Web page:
Saturday, 14 June 2014

US files charges against Romanian hacker ‘Guccifer' for president hacks

The US Department of Justice (DoJ) has indicted Romanian hacker "Guccifer" on numerous charges including allegations he stole sensitive data from two former US presidents.
Romanaian Marcel Lehel Lazar, 42, known in hacker circles as Guccifer, stands accused of hacking into the email and social media accounts of numerous high-profile victims.
The charges include attacks on family members of two former US presidents, a former US Cabinet member, a former member of the US Joint Chiefs of Staff, and a former presidential adviser.
The indictment also accuses Lazar of impersonating a victim after compromising their account in July and August 2013. If found guilty of any of the charges, Lazar will face between two to 20 years in prison.
Lazar has already been found guilty of several cyber crimes in his native Romania. Romanian law enforcement arrested Lazar in January. The Romanian court sentenced him to four years in jail last week.
It is currently unclear if the US will seek Lazar's extradition and at the time of publishing the DoJ had not responded to V3's request for comment. However, Reuters has quoted an unnamed source as saying "the office had no knowledge of any US requests for Lehel's extradition".
Lazar is one of many hackers to have been arrested in recent months. The DoJ charged five Chinese officials with spying on US firms in May.
More recently, the Russian Interior Ministry announced it had stopped a hacker group responsible for a wave of cyber attacks locking Apple devices.

MIT can now track a heart rate through a wall with Wi-Fi signals

Parents could watch their baby’s heart rate from another room without using any kind of wearable device or special sleeping pad with a new development out of MIT that uses Wi-Fi signals to track the rise and fall of peoples’ chests.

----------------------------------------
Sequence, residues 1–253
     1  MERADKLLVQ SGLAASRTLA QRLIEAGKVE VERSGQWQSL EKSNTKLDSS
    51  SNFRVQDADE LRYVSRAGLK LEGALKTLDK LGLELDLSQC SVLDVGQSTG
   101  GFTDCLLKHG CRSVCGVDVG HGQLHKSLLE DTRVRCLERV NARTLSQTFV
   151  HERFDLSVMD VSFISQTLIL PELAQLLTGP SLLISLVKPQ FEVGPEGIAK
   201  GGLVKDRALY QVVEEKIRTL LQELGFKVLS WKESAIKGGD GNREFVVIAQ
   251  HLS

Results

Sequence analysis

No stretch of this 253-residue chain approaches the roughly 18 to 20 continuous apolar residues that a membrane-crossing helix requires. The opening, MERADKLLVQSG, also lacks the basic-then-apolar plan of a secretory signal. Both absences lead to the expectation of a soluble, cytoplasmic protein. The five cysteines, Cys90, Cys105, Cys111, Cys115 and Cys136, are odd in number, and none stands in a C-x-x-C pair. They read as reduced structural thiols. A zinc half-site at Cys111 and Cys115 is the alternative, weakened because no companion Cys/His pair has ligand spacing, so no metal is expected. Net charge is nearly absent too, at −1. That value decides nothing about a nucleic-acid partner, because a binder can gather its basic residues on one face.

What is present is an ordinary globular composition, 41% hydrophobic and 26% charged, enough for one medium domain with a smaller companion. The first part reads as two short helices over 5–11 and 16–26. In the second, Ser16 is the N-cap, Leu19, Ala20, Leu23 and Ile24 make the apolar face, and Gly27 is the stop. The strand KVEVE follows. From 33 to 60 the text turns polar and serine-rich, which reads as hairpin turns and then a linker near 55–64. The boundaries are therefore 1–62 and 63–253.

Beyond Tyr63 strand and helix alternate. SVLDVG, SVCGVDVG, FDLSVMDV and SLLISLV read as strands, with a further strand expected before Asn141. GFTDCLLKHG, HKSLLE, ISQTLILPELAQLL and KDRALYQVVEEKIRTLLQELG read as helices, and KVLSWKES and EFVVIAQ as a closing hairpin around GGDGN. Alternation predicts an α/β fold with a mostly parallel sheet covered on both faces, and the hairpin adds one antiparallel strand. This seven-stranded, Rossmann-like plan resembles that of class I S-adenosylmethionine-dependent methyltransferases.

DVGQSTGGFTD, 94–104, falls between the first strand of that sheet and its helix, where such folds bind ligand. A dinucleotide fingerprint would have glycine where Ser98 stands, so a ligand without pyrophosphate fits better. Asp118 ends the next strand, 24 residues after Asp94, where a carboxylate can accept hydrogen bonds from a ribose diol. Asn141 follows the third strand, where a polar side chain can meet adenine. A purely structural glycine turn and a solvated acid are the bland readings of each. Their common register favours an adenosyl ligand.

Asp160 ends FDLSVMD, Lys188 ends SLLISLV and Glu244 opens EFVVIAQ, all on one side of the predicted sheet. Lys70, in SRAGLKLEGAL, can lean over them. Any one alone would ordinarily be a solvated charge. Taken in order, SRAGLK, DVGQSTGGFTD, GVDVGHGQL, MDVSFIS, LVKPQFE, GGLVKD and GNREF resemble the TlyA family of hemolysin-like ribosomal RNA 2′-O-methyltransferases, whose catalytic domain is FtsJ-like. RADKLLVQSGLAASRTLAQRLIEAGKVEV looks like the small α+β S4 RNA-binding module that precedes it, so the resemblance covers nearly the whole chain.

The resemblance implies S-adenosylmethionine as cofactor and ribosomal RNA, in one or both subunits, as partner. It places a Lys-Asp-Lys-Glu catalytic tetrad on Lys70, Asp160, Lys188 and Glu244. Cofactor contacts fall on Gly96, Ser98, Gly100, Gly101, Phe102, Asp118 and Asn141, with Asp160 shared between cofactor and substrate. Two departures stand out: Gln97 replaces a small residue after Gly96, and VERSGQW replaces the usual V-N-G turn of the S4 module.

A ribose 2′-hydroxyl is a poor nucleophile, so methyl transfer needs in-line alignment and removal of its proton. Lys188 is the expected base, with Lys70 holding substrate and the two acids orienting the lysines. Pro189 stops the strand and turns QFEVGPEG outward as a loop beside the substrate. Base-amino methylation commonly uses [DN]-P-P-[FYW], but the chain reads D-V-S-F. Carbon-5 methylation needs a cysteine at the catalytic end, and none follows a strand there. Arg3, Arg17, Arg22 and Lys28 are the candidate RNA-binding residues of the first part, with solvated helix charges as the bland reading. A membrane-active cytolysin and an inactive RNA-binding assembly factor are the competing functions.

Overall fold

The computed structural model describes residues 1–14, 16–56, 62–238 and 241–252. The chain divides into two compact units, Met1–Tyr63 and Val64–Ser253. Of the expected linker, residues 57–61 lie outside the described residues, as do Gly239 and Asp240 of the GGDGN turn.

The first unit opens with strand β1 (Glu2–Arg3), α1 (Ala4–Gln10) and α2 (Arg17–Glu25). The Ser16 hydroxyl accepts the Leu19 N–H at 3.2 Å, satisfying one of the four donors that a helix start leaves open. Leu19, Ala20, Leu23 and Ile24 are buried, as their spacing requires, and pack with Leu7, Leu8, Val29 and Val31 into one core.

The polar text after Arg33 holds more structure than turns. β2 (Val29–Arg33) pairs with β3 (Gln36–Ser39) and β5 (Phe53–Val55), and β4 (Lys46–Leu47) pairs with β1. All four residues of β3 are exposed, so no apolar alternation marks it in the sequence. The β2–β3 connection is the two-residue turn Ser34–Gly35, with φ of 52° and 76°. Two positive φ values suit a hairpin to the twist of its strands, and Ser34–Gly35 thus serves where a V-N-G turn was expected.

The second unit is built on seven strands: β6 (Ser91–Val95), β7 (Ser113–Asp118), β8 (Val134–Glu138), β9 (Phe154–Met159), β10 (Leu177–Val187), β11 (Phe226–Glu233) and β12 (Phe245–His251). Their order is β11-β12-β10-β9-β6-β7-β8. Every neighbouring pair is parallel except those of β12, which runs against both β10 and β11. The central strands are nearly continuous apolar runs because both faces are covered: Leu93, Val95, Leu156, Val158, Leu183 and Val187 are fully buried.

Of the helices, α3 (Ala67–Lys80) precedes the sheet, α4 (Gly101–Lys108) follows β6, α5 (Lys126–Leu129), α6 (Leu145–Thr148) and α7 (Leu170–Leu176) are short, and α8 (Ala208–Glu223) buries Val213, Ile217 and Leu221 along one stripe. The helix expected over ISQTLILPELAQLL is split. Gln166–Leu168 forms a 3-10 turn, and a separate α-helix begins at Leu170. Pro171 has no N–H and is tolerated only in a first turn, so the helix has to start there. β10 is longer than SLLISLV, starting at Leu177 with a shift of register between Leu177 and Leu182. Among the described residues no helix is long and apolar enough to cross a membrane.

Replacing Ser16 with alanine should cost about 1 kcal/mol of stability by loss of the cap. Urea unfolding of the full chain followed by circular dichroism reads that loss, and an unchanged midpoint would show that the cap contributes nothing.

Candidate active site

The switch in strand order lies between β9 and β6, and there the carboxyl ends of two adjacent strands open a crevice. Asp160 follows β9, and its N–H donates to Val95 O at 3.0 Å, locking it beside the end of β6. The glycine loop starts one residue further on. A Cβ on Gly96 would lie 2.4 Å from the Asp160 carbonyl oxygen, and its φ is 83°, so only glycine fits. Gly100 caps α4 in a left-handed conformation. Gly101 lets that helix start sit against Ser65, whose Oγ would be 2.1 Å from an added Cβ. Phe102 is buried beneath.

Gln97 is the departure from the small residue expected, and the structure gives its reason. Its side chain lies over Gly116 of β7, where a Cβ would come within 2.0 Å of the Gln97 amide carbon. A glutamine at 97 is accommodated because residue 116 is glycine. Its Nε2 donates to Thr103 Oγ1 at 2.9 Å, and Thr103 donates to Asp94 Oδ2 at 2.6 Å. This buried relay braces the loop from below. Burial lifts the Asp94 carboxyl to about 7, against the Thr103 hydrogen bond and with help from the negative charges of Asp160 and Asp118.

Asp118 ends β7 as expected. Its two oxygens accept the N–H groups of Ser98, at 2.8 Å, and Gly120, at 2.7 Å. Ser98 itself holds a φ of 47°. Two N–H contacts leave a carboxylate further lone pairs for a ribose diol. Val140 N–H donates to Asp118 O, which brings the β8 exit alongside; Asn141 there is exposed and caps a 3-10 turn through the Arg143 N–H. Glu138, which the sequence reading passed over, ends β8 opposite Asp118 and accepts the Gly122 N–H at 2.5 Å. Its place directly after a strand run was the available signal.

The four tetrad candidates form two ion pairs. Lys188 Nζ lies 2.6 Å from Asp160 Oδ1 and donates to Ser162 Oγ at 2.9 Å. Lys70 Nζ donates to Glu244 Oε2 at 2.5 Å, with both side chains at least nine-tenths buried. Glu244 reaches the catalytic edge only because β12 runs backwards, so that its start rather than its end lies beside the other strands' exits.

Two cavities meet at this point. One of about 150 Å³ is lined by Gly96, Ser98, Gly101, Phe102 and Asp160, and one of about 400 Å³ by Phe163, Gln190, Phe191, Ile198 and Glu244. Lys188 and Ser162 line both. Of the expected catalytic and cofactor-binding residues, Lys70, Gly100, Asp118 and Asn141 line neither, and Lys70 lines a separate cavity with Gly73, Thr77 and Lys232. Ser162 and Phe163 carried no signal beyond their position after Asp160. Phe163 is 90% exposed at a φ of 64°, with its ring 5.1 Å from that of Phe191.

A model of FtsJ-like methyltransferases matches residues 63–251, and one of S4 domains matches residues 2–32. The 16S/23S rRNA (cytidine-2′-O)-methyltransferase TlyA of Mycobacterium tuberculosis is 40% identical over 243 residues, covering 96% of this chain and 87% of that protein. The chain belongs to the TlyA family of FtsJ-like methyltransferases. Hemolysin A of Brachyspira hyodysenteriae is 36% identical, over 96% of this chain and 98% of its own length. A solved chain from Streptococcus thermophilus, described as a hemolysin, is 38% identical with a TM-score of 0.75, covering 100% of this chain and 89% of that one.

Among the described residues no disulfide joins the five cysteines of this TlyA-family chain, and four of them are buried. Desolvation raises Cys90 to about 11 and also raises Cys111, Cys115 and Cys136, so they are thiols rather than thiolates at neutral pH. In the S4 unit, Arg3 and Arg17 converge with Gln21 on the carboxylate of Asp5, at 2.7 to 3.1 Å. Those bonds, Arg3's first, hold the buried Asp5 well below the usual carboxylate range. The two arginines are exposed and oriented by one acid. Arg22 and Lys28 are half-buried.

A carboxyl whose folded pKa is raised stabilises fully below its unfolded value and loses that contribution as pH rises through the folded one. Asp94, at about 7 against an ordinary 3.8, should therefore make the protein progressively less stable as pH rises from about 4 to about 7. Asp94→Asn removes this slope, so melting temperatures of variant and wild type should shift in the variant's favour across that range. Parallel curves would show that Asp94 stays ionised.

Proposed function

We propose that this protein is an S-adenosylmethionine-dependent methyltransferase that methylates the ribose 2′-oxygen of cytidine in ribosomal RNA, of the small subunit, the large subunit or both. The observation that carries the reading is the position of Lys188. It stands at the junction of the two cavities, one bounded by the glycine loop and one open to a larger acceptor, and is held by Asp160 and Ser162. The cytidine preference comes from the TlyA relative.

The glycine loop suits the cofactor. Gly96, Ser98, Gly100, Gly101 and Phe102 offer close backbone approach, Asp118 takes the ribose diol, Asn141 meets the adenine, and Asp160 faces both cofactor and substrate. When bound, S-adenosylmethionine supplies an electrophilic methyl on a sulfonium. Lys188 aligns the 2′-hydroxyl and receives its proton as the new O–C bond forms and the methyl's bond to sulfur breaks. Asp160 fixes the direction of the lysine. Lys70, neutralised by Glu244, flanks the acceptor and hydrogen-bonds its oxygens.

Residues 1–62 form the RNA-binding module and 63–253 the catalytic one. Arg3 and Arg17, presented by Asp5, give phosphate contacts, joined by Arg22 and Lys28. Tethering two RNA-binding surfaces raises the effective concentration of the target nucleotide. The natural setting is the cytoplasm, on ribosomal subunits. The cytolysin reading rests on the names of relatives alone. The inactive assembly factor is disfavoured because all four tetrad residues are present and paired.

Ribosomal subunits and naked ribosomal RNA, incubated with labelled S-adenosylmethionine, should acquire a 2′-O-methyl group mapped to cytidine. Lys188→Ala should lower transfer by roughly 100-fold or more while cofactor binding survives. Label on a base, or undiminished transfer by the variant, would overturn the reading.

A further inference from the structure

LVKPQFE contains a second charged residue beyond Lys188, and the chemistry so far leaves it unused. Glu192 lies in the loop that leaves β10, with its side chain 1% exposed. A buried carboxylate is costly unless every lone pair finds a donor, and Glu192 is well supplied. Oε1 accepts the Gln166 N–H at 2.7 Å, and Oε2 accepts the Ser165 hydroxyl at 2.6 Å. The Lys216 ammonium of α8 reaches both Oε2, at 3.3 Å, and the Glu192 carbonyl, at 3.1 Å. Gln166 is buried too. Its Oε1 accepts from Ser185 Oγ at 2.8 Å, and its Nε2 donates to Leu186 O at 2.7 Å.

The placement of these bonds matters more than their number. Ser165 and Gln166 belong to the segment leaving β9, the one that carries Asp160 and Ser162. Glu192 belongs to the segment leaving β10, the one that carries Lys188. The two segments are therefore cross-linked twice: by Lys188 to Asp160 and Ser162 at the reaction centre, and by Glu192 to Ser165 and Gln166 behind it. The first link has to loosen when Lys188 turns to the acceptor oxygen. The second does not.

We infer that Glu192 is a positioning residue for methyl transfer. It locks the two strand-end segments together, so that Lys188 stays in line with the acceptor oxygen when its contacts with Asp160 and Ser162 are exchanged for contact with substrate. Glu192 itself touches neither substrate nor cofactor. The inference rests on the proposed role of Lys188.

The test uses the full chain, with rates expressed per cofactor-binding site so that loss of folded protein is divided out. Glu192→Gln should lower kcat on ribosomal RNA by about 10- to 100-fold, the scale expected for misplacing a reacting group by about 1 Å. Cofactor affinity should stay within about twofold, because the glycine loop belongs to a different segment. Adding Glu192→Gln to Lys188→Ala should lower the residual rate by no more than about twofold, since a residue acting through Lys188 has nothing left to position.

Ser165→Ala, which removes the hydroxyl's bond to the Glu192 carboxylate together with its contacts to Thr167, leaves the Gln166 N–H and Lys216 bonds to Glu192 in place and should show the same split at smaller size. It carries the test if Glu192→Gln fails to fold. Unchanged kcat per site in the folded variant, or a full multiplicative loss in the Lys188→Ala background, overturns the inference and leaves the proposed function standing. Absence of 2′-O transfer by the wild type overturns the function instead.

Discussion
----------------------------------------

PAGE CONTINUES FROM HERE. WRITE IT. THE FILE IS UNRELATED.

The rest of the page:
Researchers at the Computer Science and Artificial Intelligence Laboratory transmitted a low-power wireless signal through a wall and measured how long it took the signals to bounce back. Changes in the reflected signals allowed the team to measure movement, or even minute chest movements.
Based on a person’s chest rising and falling, the CSAIL group can determine their heart rate with 99 percent accuracy. The system can track up to four people at a time.
“It has traditionally been very difficult to capture such minute motions that occur at the rate of mere millimeters per second,” paper co-author Dina Katabi said in a release. “Being able to do so with a low-cost, accessible technology opens up the possibilities for people to be able to track their vital signs on their own.”
The CSAIL team has been perfecting its Wi-Fi tracking for a while now. It has also used radio signals for 3D tracking.
Along with baby monitoring, the system could also be used in search and rescue scenarios or to track your own health statistics.. The MIT team is now interested in expanding it so it can be used to track emotion, which is also linked to heart rate and breathing.

A low-power signal is enough to track the rise and fall of the chests of up to four people, opening up applications like monitoring people during search and rescue operations or simply ensuring a baby is OK overnight.